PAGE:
POV Regarding War


Q&A with Andrew Lubin

written by Matt Elliott
on August 26, 2010

Andrew Lubin wears two hats. He's a respected embedded journalist, and he's also the father of a Marine who has deployed five times, which lends Andrew a deeper-than-usual understanding and appreciation of our troops. He has a B.A. in Political Science, a Masters in International Management and worked for 30 years in international trade while also teaching college and graduate school. All of this seems to have served as a most unique boot camp that prepared him for walking the streets of Ramadi or jumping the canals in Helmand Province as he writes about Marines and soldiers. Andrew will be contributing to Regarding War in the coming months. To introduce him, we asked him some questions about being embedded and being a journalist.

Andrew Lubin.jpg

Where are you from? Where do you live now?
I was born and raised in New Jersey but went off to college in Western Pennsylvania and never looked back: grad school in Arizona, first job in London, some time in Indiana and Washington DC. Now I live in Bucks County, PA — an easy commute to DC, NYC or Marjah.

How did you get involved being an embedded journalist and writing about the war?
Entirely by happenstance! While I always enjoyed reading, my background is in the export-import field, and I taught college and graduate school. Then my son joined the Marine Corps and fought in the 2003 invasion of Iraq; upon his return I took the stories he told me about fighting at An-Nasiriyah and wrote Charlie Battery: A Marine Artillery Battery in Iraq. The book did okay and won some awards, and the Marines gave me a grant to write another. Suddenly, I was in Beirut with the 24th Marine Expeditionary Unit( MEU), then later Ramadi and Fallujah. I found myself building an audience so I returned to Iraq a few times, got invited to Afghanistan... and here I am, with a multitude of magazine articles published, the co-author of two other books and writing for PBS's Regarding War!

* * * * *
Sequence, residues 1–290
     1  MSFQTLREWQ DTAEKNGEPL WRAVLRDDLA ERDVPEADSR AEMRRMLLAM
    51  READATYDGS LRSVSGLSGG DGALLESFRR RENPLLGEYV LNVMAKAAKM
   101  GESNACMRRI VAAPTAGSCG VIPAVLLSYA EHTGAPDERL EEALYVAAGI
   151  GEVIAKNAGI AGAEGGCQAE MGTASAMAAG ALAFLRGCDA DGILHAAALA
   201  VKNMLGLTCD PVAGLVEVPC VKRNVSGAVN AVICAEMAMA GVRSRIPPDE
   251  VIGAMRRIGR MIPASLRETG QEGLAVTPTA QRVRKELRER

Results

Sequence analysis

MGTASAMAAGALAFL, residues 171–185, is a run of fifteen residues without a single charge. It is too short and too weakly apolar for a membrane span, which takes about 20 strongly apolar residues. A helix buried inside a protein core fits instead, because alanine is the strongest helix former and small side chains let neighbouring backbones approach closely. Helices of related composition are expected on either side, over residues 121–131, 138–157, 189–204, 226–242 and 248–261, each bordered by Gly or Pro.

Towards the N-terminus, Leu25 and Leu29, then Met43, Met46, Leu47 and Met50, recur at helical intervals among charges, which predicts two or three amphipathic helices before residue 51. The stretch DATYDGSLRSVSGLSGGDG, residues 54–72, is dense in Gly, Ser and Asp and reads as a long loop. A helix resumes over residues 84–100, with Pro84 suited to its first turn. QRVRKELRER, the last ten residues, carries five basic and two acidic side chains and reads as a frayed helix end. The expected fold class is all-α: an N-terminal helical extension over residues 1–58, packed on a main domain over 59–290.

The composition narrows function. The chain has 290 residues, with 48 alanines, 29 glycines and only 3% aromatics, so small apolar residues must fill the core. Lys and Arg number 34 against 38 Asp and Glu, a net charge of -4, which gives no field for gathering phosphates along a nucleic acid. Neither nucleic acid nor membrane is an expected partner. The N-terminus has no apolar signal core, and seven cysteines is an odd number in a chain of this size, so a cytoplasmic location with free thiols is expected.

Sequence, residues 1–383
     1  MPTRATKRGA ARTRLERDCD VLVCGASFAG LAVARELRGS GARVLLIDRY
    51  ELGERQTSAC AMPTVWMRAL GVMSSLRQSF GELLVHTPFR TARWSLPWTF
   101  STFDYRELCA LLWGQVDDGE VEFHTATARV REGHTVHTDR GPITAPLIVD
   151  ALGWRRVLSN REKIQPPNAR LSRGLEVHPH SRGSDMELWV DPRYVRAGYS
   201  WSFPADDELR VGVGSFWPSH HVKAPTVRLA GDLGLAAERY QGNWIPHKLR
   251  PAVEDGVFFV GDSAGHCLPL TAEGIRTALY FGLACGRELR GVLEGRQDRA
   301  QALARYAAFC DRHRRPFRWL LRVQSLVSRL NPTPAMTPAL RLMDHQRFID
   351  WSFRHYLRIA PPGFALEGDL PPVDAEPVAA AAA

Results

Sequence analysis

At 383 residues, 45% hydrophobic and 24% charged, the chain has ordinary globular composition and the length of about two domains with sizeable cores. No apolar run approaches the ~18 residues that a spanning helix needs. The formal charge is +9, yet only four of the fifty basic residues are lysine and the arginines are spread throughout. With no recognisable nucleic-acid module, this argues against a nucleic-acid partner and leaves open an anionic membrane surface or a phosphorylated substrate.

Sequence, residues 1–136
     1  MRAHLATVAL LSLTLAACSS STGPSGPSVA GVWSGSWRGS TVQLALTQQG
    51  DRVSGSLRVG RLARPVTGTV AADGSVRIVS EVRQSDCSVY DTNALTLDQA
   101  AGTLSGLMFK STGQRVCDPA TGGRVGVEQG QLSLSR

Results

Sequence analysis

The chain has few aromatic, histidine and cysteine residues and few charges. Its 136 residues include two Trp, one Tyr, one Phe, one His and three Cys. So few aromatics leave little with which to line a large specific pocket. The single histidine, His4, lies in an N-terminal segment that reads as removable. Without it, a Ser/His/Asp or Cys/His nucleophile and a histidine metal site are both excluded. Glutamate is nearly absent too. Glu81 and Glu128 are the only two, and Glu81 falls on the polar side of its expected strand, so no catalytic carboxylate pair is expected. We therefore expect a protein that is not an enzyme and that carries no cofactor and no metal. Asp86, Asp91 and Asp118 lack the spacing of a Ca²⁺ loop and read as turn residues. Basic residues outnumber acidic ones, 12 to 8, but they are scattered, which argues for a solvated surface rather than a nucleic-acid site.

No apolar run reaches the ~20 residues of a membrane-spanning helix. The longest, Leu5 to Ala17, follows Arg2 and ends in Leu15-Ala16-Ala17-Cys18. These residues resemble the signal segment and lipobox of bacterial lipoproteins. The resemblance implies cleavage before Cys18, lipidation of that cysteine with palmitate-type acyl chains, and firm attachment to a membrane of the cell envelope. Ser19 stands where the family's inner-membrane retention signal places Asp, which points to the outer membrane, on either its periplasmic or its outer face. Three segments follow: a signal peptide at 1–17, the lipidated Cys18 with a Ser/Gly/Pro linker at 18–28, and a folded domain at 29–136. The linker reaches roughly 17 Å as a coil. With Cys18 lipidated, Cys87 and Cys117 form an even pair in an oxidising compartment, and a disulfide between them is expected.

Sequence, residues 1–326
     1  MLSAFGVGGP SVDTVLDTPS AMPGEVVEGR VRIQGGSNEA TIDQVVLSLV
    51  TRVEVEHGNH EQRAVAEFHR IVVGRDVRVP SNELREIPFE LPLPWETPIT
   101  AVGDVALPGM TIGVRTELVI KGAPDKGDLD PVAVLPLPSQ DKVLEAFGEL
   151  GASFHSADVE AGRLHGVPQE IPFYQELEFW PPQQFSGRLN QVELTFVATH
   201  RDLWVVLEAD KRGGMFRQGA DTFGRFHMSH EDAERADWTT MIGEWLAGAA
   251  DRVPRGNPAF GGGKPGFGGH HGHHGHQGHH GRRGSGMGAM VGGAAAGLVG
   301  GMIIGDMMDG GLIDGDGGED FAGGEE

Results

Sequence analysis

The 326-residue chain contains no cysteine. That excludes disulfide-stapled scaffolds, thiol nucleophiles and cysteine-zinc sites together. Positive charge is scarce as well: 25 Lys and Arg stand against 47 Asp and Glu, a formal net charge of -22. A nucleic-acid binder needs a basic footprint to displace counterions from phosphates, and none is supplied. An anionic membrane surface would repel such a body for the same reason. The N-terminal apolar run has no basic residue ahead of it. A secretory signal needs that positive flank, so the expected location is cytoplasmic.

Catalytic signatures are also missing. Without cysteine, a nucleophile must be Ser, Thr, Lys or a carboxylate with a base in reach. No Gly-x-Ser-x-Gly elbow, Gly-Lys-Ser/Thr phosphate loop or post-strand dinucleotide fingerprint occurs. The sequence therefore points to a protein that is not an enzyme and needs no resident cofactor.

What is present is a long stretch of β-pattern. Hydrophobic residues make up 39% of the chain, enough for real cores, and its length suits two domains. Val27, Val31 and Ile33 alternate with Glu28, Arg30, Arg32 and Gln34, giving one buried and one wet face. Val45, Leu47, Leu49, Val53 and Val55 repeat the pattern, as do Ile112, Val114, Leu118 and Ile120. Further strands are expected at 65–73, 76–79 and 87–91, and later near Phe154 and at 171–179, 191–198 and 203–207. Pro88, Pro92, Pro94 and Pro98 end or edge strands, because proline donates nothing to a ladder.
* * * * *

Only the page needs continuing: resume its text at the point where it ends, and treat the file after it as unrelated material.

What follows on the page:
How many times have you embedded? And to where?
I've been out 12 times in the last five years, for up to three months at a time. I'm just back from my fifth Afghan embed, and I've been in Iraq multiple times, plus Haiti, GTMO and Beirut.

You get out in the field where most journalists won't go — why?
I do boots-on-the-ground articles. As the father of a 5x deployed Marine, I want to know what he's doing over there and what his unit is trying to accomplish. I discovered that a huge amount of parents, wives and family members want the same thing. To get those stories, I go out and spend weeks in the field with the Marines. I live with them, eat the same chow, go out on patrol with them and, yes, get shot-at and IED'd with them. That's how you get an accurate story.

These young Marines are living in some appalling conditions, yet do so with a style and a rough elegance that folks back here will never understand. When I was with an artillery unit at FOB Edinburgh in June, we put a thermometer on the ground one afternoon $mdash; it read 152 degrees. And the reaction of one of the Marines? "Hey Sir, just another day in paradise!" It's important that I get their stories out so people can appreciate, or at least be aware of, what our troops are doing and the élan in which they're doing it.

Who are the authors and writers you admire? How did you develop your style?
I admire David Halberstam and William Manchester, who both wrote great, very readable books on 20th century history; Manchester fought in the Pacific as a Marine, and Halberstam was an embedded journalist in Vietnam. They knew their topics and their writing shows it. There's Steve Pressfield, who wrote that brilliant historical fiction about the Spartans and Greeks; he did more research into the fight at Thermopylae and Alexander the Great's Afghan campaign than most historians. And there's Paul Theroux, who wrote those incredible travel books; his is an easy style that makes you want to be sitting in the Bombay Mail rail car with him.

I've tried to combine all their high points: I need to be an expert in the topic, I need to make it interesting and I need to make it readable. There's nothing better than getting a phone call or email saying, "Now I understand what my son is doing!"

What are your plans for returning to the front?
Afghanistan in Spring 2011 — subject to fundraising. The life of a freelance journalist is more emotionally than financially rewarding. But history is being made, and how exciting to be a part of recording it!

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